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What Is Face Validity?

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  • Written By: Mary McMahon
  • Edited By: O. Wallace
  • Last Modified Date: 15 April 2014
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If a test appears to be valid to participants or observers, it is said to have face validity. Face validity is one among many parameters used to assess the value of an experiment or test, and to gather information about how the experiment was conducted, and how applicable the results will be. However, it is not a perfect measurement, as assessments of face validity are very much based on personal experience; what seems valid and reasonable to one person may seem weak to another.

A classic use for face validity is in the construction of a test or experiment. A researcher who wants to test something in an experimental situation would devise a test, and then ask for review from peers to determine whether or not the test is ethical, and whether or not the test will actually measure what the creator thinks it measures. For example, a researcher who wanted to test vocabulary of young children might propose showing children flashcards with terms and asking the children to define them, and some people might agree that the experiment has face validity, because it would appear to measure vocabulary skills in the test subjects.

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The issue of face validity can get extremely complex with more nuanced experiments. The more detailed and complex the experiment, the trickier it can be to determine face validity. Experts in a field, for example, may say that the test is not valid, while laypeople may have the test explained to them and think that it sounds entirely reasonable. This is one reason why people are expected to submit proposed experiments for review by a group of their peers, and to request peer review for their results before publication, so that experts can weigh in on the situation.

Several things are considered when evaluating an experiment for face validity. The first is a simple measure of whether or not it will do what it is supposed to do. Consistency and reliability are also concerns; reviewers want to know that the results are reliable, and also that the results are repeatable. If a test protocol cannot be repeated, the results of the experiment will be regarded as questionable by the scientific community.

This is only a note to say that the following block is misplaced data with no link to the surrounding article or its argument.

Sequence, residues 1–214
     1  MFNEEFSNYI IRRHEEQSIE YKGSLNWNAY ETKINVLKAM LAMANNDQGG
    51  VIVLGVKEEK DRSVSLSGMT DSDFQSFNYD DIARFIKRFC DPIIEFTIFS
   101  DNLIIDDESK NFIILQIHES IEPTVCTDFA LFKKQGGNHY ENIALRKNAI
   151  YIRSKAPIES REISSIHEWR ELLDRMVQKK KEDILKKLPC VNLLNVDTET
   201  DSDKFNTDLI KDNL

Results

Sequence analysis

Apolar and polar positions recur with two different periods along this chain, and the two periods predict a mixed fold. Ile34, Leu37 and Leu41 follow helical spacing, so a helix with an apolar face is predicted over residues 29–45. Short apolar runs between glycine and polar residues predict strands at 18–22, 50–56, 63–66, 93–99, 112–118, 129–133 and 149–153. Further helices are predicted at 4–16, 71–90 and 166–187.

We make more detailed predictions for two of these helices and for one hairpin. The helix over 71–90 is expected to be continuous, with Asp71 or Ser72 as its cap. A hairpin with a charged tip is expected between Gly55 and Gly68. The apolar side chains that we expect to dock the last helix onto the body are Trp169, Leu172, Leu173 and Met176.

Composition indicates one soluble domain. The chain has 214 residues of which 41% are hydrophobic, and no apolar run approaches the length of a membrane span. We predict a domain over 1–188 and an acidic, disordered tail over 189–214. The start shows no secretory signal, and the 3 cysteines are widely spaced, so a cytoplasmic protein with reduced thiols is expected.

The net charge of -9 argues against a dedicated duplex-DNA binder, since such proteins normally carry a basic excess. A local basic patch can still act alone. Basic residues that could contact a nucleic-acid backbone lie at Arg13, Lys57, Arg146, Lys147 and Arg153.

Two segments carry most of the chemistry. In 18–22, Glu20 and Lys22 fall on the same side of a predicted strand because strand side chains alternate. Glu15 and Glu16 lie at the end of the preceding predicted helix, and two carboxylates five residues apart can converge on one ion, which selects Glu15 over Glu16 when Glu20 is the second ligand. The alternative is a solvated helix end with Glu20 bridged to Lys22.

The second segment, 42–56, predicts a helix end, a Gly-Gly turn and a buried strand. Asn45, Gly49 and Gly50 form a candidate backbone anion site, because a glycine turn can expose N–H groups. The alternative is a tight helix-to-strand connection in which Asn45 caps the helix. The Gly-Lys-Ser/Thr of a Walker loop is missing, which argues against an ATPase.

Asking for an evaluation of face validity is always a good idea. Having a fresh pair of eyes examine a protocol or planned test can point out flaws and issues which might not be apparent to the creator. Review also gives creators a chance to get feedback before they start, which can allow a test creator to adjust the test before it starts or to specifically address particular concerns in the writeup of the results.

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Discuss this Article

burcinc
Post 3

@feruze - I don't think that face validity is as important as getting statistical data and evidence to back up what you are doing.

What if you are questioned about the validity of your test by an official agency after you use the test? You can't say, "oh my colleagues said that it is a valid test." You have to have proof. You have to have statistical proof and you have to have content validity from experts of that subject about the method you used and how you prepared and carried out the test or experiment.

fify
Post 2

@feruze-- I agree with you. Face validity is not really a formal measure of validity. As the article says, opinions about face validity can be different for different people.

I think asking your peers about face validity is good for getting feedback. Just like I do with my professors when I'm deciding on a thesis for a paper, you should check with people in that field if your test or experiment makes sense to them.

bear78
Post 1

I think it would be wrong if someone simply relied on face validity to carry out an experiment and use its results without evidence. But if face validity is used as a first step to figure out whether an experiment is worth doing or not, then it serves a good purpose.

If I were to carry on with an experiment without even checking for face validity first, I can end up wasting a lot of time on an experiment that doesn't measure what I want it to for example. But the experiment should not rely solely on face validity to prove something either.

What do you think? Do you agree?

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